From Publishers Weekly
Copyright 1995 Reed Business Information, Inc.
[review of Soul Says, The Given and the Made, and The Breaking of Style] Helen Vendler is justly admired as the author of critical studies of George Herbert, Keats, W. B. Yeats, and Wallace Stevens. Her current project is a study of Shakespeare's sonnets. She is also the most influential reviewer of contemporary poetry in English: her reviews of new books of poetry appear frequently and forcefully in The New Yorker, The New York Review of Books, The New Republic, Parnassus, and other journals...[H]er gifts are so immense...The new books have a number of such [acute] analyses, continuously alert to the detail of the poems...One of the pleasures of reading Vendler's criticism is that of seeing a poet's achievement lavishly appreciated...The most valuable chapters in the three new books are those in which Vendler leads us through difficult poems...After [she does so], the poem is still to be read, and read again, word by word, line, sequence, image cut into image. We have to get back from the discursive model, which Vendler so clearly describes, to the local movement and texture of the poem. But after Vendler's commentary we are in a much better position to do so. I cannot think of a better justification for a critic's work. (Denis Donoghue New York Review of Books)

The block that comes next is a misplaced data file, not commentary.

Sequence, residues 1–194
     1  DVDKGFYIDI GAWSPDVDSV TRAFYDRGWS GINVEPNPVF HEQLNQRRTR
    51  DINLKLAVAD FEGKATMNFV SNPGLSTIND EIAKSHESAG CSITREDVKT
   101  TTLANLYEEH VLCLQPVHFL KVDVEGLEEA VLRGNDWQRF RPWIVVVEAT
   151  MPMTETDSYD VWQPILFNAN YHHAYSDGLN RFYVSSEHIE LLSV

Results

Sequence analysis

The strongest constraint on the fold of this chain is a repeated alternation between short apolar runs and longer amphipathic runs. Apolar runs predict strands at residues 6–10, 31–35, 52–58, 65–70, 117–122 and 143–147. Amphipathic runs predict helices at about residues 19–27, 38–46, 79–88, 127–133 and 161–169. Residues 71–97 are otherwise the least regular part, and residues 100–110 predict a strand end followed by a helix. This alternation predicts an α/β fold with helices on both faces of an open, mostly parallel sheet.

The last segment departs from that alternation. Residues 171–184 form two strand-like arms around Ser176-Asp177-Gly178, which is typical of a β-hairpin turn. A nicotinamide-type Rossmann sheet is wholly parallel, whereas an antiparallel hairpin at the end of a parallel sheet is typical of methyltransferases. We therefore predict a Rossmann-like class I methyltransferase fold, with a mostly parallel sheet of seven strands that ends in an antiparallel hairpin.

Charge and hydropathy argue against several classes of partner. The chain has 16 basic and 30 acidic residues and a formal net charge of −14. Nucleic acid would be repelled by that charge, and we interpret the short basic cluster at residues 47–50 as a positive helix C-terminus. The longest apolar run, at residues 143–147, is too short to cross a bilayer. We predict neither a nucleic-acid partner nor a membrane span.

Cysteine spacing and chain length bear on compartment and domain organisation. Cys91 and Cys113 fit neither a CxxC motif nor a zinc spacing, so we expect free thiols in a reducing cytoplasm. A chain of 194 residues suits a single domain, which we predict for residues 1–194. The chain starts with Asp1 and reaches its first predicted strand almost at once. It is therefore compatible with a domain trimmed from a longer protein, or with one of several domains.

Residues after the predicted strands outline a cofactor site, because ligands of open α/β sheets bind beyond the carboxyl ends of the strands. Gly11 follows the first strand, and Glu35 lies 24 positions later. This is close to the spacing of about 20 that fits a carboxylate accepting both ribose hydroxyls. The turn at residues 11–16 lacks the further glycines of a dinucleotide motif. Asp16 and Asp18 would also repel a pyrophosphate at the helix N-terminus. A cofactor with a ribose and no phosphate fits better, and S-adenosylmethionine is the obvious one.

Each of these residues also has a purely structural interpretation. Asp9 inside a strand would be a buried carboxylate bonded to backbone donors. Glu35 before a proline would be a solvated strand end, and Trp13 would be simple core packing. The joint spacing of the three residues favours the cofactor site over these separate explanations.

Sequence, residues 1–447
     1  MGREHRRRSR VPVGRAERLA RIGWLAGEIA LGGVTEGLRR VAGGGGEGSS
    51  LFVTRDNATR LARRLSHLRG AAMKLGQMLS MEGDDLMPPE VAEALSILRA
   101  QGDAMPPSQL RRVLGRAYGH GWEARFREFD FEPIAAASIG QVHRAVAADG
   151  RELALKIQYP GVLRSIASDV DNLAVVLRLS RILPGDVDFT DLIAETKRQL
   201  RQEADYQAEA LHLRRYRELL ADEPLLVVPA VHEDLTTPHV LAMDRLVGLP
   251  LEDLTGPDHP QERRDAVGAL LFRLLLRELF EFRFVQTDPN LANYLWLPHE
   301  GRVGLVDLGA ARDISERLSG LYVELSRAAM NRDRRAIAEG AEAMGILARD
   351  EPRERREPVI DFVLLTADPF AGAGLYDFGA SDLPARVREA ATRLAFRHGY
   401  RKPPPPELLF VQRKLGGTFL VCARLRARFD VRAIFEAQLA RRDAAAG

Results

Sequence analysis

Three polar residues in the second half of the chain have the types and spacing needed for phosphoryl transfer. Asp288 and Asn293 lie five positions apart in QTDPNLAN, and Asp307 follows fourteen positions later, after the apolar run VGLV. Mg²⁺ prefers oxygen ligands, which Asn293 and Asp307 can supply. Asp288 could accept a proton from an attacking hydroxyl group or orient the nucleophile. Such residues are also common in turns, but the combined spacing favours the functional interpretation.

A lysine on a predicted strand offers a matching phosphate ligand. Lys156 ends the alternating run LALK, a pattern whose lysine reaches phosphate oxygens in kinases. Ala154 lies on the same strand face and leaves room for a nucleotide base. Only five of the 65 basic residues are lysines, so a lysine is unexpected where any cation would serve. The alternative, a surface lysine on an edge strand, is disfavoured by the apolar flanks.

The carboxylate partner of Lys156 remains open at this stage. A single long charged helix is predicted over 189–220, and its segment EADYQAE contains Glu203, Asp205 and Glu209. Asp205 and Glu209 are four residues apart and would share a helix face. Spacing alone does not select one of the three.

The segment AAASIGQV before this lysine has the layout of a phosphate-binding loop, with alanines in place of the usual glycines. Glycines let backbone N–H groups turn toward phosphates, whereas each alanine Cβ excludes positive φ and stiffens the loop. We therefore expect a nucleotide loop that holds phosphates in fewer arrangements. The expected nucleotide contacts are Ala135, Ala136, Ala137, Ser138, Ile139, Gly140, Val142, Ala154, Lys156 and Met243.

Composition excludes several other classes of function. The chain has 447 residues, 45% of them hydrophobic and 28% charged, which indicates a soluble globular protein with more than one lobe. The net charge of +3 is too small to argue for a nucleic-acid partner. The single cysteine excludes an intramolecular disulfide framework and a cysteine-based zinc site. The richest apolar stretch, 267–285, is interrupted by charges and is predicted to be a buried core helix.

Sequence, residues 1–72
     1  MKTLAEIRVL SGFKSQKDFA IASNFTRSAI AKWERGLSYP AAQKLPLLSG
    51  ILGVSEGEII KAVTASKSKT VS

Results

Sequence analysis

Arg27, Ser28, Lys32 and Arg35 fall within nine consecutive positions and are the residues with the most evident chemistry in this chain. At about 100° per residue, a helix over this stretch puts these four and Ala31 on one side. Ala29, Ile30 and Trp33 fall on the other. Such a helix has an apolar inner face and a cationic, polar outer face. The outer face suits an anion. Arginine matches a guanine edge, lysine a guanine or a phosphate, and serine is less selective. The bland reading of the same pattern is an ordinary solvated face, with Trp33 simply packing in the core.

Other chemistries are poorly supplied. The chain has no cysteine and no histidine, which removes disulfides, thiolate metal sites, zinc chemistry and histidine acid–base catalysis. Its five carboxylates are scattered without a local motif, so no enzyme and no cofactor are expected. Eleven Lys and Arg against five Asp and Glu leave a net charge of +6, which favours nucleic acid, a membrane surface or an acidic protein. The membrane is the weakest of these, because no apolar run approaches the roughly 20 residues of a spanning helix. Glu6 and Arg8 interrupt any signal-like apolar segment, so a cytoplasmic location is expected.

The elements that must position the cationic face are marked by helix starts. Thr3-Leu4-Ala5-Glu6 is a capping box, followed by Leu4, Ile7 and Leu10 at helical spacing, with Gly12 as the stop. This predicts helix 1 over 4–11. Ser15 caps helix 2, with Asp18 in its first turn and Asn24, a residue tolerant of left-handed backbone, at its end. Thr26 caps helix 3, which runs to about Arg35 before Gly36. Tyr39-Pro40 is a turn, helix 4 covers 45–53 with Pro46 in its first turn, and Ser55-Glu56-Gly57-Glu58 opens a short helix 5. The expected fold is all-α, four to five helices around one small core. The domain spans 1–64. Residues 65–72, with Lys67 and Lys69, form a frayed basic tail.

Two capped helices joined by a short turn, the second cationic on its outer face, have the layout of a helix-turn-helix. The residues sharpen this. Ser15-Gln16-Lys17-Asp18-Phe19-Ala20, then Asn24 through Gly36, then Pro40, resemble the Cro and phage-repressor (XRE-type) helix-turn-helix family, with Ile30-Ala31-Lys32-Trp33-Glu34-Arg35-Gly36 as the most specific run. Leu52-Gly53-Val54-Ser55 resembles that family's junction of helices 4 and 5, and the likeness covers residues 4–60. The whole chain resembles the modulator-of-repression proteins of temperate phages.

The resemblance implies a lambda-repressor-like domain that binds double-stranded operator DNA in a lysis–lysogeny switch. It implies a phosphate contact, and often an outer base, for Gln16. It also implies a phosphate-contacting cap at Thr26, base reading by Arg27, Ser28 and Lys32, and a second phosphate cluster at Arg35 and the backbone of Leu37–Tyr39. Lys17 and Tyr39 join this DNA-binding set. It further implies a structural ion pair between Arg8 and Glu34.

[A] stimulating meditation on four significant American poets by an indispensable critic...Here [Vendler offers] four cool-headed, serenely selfless essays that originated as the T. S. Eliot Lectures given at the University of Kent. Her subject is the characteristic obsessions guiding the work of Robert Lowell, John Berryman, Rita Dove, and Jorie Graham, each of whom, in Vendler's view, has transformed obsession into art...The particular virtue of Vendler is to write with the authority of a scholar and the alertness of a contemporary about a form of art too often deluged by arcana, professional jargon, literary back-patting, or neglect...A literary challenge and a companion for the common reader, whoever that may be, of 20th-century poetry. (Kirkus Reviews)
In the collections of essays The Breaking of Style and The Given and the Made Helen Vendler...firmly positions herself as one of our most authoritative voices on modern and contemporary poetry. Already an authority on Keats and Stevens among others, Vendler moved several years ago into the realm of contemporary poetry, where she has quickly established herself as a major critic. Vendler has always been a skilled practitioner of close reading, but in the essays of these two volumes she becomes an articulate apologist for the intensive attention to details of style and form that has come to be identified with New Criticism. Eschewing the current hegemony of theory in literary scholarship, Vendler makes the case in these essays that not only is there still a place for an exclusive engagement with the details of textual analysis, but to fail to address the details of a poem's making is to ignore its physical presence. (Mary Kaiser World Literature Today)